One final thought- At Keep Blount Beautiful, we believe our community should be well taken care of and appreciated so it can be enjoyed by all. When you are spending time outside, leave no trace! Be sure to dispose of your trash in a trash can and always respect wildlife.

2019 BRAVO! Awards

By Brittney Whipple

Keep Blount Beautiful (KBB)  is accepting nominations for the 2019 BRAVO! Awards! What are the BRAVO! Awards? These awards praise local businesses, organizations, and public property for their landscaping and beautification efforts. KBB also recognizes properties that have creatively re-used/re-designed an existing building and the sustainable stewardship of properties in Blount County. Nominations are open to the public and based on the three award categories below.

BRAVO! Beautification: This award is given to properties for their landscaping and beautification efforts. The landscaping must be mature and add improvement to the site.

Reuse/Redesign: This award is for a property that has creatively reused or redesigned an existing building. The remodel must be complete.

Sustainable Stewardship: This award is given to a business or organization that strives to incorporate sustainable business practices or policies, and/or renewable, sustainable, or energy-efficient spaces.

Examples of Sustainable Stewardship include businesses and organizations that have a recycling program, practice effective stormwater management practices, or have sustainable workplace policies such as banning disposable cups and bottles. Other examples include businesses and organizations with sustainable building features such as large windows, energy efficient lighting, water efficient fittings, solar panels, or sufficient green space compared to paved space.

The BRAVO! Awards will be announced at the annual award luncheon on June 6th. This event is invite-only. KBB will announce award winners to the public after the luncheon. We look forward to your nomination!


Nominations are due by May 3rd. Private residencies are not considered for any award. Nominate a BRAVO!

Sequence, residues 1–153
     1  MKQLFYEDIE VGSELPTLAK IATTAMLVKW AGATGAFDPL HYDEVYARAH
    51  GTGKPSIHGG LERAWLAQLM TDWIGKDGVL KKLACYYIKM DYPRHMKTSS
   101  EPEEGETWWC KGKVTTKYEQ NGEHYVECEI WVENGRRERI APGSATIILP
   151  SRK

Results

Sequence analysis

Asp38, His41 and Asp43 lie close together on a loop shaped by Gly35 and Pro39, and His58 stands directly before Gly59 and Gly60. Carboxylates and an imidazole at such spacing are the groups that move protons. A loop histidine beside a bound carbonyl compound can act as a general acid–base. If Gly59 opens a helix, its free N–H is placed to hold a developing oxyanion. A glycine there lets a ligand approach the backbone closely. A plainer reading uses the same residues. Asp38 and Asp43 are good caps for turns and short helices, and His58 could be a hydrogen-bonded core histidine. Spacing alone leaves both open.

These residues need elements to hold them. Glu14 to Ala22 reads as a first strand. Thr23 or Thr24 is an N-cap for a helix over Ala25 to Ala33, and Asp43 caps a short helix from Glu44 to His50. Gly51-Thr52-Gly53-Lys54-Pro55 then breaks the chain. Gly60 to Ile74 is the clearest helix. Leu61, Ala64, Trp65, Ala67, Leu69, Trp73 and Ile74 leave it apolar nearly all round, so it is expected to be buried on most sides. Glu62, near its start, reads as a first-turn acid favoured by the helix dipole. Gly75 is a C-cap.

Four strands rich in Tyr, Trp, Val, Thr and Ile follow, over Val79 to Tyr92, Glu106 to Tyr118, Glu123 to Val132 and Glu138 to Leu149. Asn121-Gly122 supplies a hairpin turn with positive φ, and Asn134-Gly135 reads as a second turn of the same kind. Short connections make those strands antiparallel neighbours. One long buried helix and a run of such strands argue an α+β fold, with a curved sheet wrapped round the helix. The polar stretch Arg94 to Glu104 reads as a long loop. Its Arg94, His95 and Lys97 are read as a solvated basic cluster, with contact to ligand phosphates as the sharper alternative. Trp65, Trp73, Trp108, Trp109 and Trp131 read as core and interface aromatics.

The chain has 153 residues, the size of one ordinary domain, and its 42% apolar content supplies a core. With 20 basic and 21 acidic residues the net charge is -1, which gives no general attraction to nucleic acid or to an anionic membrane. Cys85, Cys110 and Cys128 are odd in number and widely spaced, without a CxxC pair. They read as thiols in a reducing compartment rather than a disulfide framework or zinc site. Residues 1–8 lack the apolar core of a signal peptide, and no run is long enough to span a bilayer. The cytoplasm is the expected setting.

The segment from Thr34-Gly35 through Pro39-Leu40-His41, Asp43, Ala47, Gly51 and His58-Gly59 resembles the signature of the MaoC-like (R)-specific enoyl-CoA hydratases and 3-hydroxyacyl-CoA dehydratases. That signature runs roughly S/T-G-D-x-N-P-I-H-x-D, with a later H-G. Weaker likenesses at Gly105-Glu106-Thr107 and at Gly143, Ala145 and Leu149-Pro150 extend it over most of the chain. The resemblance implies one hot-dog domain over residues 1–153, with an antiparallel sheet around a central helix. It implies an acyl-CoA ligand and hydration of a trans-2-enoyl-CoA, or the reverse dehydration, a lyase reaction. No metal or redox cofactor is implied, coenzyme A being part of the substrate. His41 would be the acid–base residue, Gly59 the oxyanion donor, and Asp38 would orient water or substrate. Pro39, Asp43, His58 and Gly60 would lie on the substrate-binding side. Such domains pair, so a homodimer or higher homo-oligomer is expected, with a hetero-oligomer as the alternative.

2019 Blount County Great American Cleanup Schedule of events

By Brittney Whipple

What is the Great American Cleanup?

The Great American Cleanup is Keep America Beautiful’s 100-day community improvement program to encourage people to take action to improve and beautify their community. Keep Blount Beautiful celebrates the Great American Cleanup season with many events so YOU can help make Blount cleaner, greener, and more beautiful. The goal of these events is to encourage residents in Blount County to become engaged with their local environment and strengthen their community pride.

See below for the full event schedule. For more information and to sign up, visit our website, click on the event links in the schedule below, or contact the office at 865-681-4809 / keepblount@gmail.com.

Full Event Schedule:


Townsend Community Cleanup
Where: Townsend Visitors Center, 7906 E Lamar Alexander Pkwy, Townsend
When: Saturday, March 23rd
Time: 9am-12pm


City of Friendsville Cleanup
Where: Friendsville City Hall, 213 W College Ave, Friendsville
When: Saturday, March 30th
Time: 9am-12pm

Town of Louisville Cleanup
Where: Lousiville Town Hall, 3623 Louisville Rd, Louisville
When: Saturday, April 13th
Time: 8:30am-12pm

Earth Day Recycling Collection
Where: First Baptist Maryville, 202 W Lamar Alexander Pkwy, Maryville
When: Saturday, April 27th
Time: 10am-2pm

Invasive Species Pull with LRWA
Where: Townsend Riverwalk
When: Saturday, May 4th
Time: 9am-12pm

DASH for TRASH
Where: Round 6 Brewing, 427 Whitecrest Rd, Maryville
When: Saturday, May 11th
Time: 11am- 1pm

Don’t forget about Litter Committee!

Our monthly Litter Committee will continue through the Great American Cleanup. Join us the first Wednesday of each month from 4-5pm. Visit our website for date and location information.

Organize your own cleanup

Keep Blount Beautiful has all the supplies you will need to perform your own group litter pickup. Let us know if you would like us to help you plan something for your group!

Why Volunteering is Important!


By: Mason Denman


Volunteering for community service is important because volunteering is a way to be involved in your local community. Community service involvement teaches people of all ages and backgrounds compassion and understanding for the things around them and others. Volunteering and putting on service events is a great way to advocate for causes you are passionate about, such as recycling.


Community service can be the avenue you use to explore areas that interest you. There is no limit to how much you can volunteer: You can volunteer for as much as you like, or have time for, which can give you a sense of pride and fulfillment. Not only can volunteer service be fun and rewarding,  it looks great on resumes and college applications! For young students, it's a great way to help them develop skills, make professional connections, and allows them to better the lives of others. For me, the benefits are more complex than looking good on an application or creating professional connections. I care for my home and in turn love my local area/community. By volunteering, I am doing my part to make my community better, not for any personal benefits, just because I think it's our duty as citizens to try and improve the area in which we live, and reduce our ecological footprint.Volunteering gives people a chance to work towards something they believe in, whether it be feeding the hungry or keeping blount Beautiful! People are the driving force of change and through volunteering, people can work together for a common goal, that it turn benefits the community and society.